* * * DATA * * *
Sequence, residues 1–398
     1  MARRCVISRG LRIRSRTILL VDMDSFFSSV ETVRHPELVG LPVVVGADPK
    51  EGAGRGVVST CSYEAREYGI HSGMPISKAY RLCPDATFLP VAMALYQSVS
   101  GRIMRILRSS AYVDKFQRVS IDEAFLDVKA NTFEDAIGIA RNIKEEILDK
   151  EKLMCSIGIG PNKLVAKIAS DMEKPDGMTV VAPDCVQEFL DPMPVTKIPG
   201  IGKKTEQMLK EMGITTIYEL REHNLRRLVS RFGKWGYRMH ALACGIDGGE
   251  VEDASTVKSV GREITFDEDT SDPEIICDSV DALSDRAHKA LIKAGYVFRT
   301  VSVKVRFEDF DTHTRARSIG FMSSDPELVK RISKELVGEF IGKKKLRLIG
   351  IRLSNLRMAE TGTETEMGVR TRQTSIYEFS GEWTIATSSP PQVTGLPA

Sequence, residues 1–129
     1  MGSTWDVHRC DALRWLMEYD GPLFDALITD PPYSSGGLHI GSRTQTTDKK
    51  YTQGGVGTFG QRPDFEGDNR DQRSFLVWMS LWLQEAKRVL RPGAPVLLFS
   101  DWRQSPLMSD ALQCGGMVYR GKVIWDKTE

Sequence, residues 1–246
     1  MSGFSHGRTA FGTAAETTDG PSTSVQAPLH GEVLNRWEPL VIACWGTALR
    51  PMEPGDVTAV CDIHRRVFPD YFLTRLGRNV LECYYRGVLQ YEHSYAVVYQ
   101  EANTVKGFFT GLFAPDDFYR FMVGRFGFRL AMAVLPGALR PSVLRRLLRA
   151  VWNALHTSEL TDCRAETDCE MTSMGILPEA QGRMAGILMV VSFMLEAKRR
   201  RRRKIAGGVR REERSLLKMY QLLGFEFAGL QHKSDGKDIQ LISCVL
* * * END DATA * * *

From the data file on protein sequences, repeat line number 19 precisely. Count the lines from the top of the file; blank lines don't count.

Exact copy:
   201  RRRKIAGGVR REERSLLKMY QLLGFEFAGL QHKSDGKDIQ LISCVL